The first part of this is pretty straightforward: if it’s connected to the core of your business, you should be building it. There are lots of really great examples to reference here, but my two favorites are Buzzfeed’s content management system (CMS) and OkCupid’s email service. There are lots of great CMSs and ESPs out there, but because Buzzfeed’s content is so important, and because OkCupid’s data-driven email is so critical for maintaining user activity, it’s beneficial for each to control the IP and institutional knowledge around those systems while capturing a (presumably) greater rate of positive change through reduced bureaucracy and vendor debt.
The second bit is about knowing your customer and being able to build something great. Startups have a luxury that most big companies don’t have: the ability to quickly change something that isn’t working, even if that something is really big. In the current state of digital affairs, it’s better just to get it right the first time. It’s not foolproof, and still requires a ton of work, but the best way I’ve seen for getting something “right” in the first go is to know your customer very, very well. And the best way to do that is to actually be your customer. Build for yourself.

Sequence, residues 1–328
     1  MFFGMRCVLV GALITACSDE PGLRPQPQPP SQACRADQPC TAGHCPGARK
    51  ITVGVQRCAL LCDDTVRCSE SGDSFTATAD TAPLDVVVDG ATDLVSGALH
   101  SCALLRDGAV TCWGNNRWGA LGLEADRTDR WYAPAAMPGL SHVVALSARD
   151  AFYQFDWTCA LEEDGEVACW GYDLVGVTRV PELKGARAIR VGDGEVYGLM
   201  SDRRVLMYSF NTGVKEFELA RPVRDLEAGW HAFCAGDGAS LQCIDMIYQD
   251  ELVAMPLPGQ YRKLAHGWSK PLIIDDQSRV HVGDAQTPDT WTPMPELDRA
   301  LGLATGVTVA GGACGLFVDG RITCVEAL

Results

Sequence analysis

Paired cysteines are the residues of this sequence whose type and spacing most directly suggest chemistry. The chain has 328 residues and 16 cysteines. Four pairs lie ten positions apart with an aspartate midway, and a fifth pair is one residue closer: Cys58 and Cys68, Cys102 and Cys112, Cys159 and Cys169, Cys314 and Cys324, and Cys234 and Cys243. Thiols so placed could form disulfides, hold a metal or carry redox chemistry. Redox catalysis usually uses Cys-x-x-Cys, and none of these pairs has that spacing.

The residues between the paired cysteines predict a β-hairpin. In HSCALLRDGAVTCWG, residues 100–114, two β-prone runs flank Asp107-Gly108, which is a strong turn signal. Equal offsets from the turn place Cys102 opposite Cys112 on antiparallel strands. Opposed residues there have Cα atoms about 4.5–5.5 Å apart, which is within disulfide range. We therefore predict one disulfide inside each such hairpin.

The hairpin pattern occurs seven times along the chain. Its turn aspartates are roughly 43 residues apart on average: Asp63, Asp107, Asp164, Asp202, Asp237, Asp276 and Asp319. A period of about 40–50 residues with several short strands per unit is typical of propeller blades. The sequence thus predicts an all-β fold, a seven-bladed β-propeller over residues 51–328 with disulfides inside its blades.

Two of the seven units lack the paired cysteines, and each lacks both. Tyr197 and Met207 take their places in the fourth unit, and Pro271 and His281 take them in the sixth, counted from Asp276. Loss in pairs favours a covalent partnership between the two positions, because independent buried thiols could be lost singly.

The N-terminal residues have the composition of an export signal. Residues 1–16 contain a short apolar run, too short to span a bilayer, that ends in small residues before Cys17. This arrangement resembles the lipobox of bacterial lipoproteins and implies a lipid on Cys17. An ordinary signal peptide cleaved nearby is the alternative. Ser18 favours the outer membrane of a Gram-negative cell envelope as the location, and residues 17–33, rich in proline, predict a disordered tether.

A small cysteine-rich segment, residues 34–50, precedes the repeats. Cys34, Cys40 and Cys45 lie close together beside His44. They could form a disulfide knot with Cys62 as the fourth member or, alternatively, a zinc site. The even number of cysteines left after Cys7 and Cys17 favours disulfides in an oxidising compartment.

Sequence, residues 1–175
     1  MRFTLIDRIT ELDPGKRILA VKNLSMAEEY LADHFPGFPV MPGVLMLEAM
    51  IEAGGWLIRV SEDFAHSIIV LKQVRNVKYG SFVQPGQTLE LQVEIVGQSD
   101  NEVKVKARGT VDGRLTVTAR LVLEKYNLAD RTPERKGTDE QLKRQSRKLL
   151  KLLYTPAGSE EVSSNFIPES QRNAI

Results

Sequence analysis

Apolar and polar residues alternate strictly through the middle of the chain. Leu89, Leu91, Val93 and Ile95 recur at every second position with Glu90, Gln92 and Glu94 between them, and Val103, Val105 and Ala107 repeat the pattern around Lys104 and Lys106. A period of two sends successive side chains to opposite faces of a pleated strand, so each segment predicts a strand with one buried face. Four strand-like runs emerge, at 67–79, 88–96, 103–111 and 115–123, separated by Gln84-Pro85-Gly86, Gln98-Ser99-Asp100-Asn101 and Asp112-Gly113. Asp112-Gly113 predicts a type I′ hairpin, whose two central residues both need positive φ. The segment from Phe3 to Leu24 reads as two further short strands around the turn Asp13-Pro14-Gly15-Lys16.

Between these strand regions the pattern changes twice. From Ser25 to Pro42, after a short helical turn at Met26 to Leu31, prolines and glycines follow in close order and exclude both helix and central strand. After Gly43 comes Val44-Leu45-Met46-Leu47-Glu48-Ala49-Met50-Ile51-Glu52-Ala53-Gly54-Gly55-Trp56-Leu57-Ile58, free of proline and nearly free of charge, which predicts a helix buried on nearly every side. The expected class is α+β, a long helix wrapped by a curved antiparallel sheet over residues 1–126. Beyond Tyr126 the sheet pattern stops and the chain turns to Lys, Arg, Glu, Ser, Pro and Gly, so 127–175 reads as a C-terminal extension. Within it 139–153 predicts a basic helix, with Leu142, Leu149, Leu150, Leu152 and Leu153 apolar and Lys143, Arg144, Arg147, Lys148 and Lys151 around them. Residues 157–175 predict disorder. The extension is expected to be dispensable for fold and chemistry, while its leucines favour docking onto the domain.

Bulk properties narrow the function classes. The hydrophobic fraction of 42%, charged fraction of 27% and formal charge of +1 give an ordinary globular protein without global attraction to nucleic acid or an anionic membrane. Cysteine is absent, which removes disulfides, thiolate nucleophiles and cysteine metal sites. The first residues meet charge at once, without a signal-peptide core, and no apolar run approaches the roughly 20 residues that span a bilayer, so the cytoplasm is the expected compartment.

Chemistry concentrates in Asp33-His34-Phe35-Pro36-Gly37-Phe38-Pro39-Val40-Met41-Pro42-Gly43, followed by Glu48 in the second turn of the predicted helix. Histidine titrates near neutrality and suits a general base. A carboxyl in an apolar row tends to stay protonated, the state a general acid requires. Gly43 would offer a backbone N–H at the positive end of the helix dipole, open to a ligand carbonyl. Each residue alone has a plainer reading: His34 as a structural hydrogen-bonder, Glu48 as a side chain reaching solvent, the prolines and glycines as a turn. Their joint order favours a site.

Aside: in general, my belief is that companies/marketing departments are too focused on digital things that are directly customer-facing. Indirectly changing the customer experience (through an associate/internal-facing digital thing) makes it easier to build for yourself, be thrifty as f*ck, and to develop some cultural flow around whatever change you’re making to the organization. And it’s harder to copy.